When investigating auditory short-term memory a common experimental task is to present a participant with a target tone followed by a comparison tone. The participant then has to decide if the two tones are the same or different pitch. Performance in this type of task is generally very good. However, if additional tones are placed between the target tone and the comparison tone then performance deteriorates markedly. Typically, success or failure in these tasks is attributed to specific memory stores (e.g. a pitch memory store) and memory processes that affect these stores (e.g. interference or decay). However, such findings can be re-interpreted as resulting from a process whereby the tones are perceptually grouped in to auditory objects. If the target tone becomes perceptually grouped with the additional tones (i.e. it becomes part of an auditory object comprised of several tones) then the memory task is requiring a comparison between an auditory object comprised of one tone and an auditory object comprised of multiple tones. The memory cost actually occurs because it is no longer a simple comparison between two tones, but a more complex memory task, requiring the extraction and isolation of the target tone from a larger auditory object.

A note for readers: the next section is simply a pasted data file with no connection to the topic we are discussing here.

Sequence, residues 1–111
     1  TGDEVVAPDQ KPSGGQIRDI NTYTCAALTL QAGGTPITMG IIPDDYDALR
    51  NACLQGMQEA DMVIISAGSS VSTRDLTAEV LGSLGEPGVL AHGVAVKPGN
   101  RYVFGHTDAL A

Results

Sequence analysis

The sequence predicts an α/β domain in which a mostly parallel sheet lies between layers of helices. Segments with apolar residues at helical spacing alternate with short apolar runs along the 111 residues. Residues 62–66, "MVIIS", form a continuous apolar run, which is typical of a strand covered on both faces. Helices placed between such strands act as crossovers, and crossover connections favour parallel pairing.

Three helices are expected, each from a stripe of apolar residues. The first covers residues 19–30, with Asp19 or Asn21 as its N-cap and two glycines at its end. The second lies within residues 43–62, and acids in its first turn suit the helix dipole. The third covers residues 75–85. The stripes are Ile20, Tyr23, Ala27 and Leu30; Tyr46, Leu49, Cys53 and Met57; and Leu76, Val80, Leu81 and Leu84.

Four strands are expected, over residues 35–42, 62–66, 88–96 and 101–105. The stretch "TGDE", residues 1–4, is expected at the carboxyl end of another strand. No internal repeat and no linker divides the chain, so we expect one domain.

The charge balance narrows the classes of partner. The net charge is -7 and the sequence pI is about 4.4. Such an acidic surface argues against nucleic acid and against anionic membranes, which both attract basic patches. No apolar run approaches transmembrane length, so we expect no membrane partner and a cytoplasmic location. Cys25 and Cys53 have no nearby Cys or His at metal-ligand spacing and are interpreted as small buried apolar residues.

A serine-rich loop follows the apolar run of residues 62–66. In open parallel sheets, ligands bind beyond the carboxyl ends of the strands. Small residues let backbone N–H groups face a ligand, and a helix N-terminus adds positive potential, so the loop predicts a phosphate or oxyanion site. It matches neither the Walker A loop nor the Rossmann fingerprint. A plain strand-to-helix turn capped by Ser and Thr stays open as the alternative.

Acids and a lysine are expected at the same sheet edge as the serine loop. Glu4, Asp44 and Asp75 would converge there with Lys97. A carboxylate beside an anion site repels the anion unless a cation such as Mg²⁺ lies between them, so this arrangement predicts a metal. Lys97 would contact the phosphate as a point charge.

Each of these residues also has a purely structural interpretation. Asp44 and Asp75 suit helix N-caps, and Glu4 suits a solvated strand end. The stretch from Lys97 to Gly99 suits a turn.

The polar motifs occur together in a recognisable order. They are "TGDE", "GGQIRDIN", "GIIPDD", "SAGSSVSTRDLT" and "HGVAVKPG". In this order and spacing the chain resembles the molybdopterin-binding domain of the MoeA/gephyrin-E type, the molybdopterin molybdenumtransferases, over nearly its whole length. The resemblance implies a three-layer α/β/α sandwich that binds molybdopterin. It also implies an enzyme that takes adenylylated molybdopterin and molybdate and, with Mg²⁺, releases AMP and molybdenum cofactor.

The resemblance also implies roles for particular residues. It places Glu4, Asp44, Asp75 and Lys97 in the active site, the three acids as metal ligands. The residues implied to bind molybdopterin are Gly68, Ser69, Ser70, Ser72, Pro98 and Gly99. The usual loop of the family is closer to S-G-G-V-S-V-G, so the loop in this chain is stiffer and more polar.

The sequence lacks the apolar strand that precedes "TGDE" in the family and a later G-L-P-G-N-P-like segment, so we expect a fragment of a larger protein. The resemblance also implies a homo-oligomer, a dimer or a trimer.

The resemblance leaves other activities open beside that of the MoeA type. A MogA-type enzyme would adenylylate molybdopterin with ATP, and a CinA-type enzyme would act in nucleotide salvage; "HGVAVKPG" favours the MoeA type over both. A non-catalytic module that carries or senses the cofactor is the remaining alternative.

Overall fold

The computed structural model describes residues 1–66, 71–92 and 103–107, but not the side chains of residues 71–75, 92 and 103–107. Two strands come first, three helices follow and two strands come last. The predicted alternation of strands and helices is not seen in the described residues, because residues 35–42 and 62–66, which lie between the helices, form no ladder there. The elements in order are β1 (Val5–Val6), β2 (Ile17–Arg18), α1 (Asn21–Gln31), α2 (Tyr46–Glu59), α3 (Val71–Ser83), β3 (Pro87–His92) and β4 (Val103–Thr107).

My research will explore how auditory stimuli are perceptually organised and the role that this organisation plays when engaging in short-term memory tasks. I will aim to provide a detailed account of auditory short-term memory that doesn’t rely on memory stores and processes such as interference and decay, but instead, focusses on a more dynamic and object oriented approach to auditory short-term memory.